CVRD is offering rebates for people to replace wood-burning stoves with more efficient home-heating appliances, in an effort to cut down on air pollution in the Cowichan Valley. (Barry Boucher photo)

Air-troubled Cowichan offering rebates to replace wood stoves

‘Red Zone’ region exceeds standards for fine particulate matter

Residents of the Cowichan region could be eligible for a rebate of up to $950 when replacing wood-burning stoves with more efficient home-heating appliances.

In 2018, the Cowichan Valley was labelled a “Red Zone” community, meaning the region is exceeding the Canadian Ambient Air Quality Standards for fine particulate matter.

RELATED STORY: AIR QUALITY ADVISORY LIFTED FOR COWICHAN VALLEY

These standards are set under the Canadian Environmental Protection Act to protect human health and safety.

Red Zone communities have pollutant levels above the highest threshold, meaning residents are at the greatest risk of experiencing health problems aggravated by air pollution.

“Replacing smoky, old wood-burning appliances is a win-win for our community’s health and safety,” said Ian Morrison, chairman of the Cowichan Valley Regional District.

“This is an opportunity for individual households to meaningfully contribute to improving local air quality, and we hope to see more residents taking advantage of this rebate program in 2019.”

This year even more types of wood-burning appliances qualify for rebates under the CVRD’s woodstove replacement program, including EPA and CSA-certified appliances over five years old and wood-burning inserts for open hearths.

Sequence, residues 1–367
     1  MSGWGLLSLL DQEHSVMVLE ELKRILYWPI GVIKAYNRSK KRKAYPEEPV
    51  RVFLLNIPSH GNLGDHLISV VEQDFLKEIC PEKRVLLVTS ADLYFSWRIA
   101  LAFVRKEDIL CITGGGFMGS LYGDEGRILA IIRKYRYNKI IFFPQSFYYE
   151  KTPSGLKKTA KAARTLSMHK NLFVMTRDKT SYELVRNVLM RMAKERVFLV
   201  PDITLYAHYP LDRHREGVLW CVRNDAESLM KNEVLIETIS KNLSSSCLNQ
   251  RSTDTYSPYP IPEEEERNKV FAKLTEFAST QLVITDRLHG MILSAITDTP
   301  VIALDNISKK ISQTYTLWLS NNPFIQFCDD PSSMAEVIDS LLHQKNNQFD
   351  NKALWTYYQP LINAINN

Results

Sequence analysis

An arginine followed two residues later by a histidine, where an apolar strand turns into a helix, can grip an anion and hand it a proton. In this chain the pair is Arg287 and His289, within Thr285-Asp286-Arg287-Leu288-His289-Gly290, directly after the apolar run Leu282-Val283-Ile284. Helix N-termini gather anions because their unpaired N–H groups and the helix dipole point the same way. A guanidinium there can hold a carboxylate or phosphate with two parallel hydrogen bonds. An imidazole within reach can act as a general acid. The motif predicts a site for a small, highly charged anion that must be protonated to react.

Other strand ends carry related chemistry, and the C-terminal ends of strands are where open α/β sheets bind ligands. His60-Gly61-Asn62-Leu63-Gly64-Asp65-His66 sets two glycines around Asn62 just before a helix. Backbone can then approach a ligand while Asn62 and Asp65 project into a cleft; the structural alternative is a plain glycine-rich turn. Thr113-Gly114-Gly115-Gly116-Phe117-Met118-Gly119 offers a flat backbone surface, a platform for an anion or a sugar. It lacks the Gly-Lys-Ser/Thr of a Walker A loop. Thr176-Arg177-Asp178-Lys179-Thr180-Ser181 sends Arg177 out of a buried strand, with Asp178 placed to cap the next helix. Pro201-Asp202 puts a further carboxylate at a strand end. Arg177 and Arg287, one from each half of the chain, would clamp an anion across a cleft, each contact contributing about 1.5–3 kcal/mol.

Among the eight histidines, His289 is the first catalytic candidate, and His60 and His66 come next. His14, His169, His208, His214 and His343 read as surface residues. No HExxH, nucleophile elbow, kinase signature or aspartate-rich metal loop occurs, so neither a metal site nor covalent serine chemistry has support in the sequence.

An example of a healthier and more efficient appliance is a heat pump, which does not emit particulate matter and does not burn fossil fuels.

RELATED STORY: WOOD SMOKE IS A MAJOR HEALTH HAZARD IN THE COWICHAN VALLEY

To help reduce the financial barrier for heat pumps, the CVRD rebate for purchasing and installing heat pumps has increased this year.

“In British Columbia, particulate matter is considered the air pollutant of greatest concern and one of the largest sources of particulate matter in B.C. is from residential wood burning,” said Dr. Shannon Waters, medical health officer for the Vancouver Island Health Authority.

“Both short and long-term exposure to particulate matter can lead to increased risk of heart and lung disease. Many of the same cancer-causing contaminants founds in tobacco smoke are also found in wood smoke. Children, elderly and those with pre-existing health conditions are the most vulnerable.”

The woodstove replacement program has been offered by the CVRD in partnership with the BC Lung Association and Ministry of Environment for the past 10 years.

Since 2009, more than 1,000 residents have taken advantage of the rebates and replaced their old woodstoves.

In addition to reducing outdoor air pollution, participating residents have noted reduced insurance costs, savings on home heating costs, less time spent on home heating and improved indoor air quality.

To learn more about this program visit cvrd.bc.ca/Woodstove, or contact CVRD Engineering Services at 250-746-2530 or go to es@cvrd.bc.ca.

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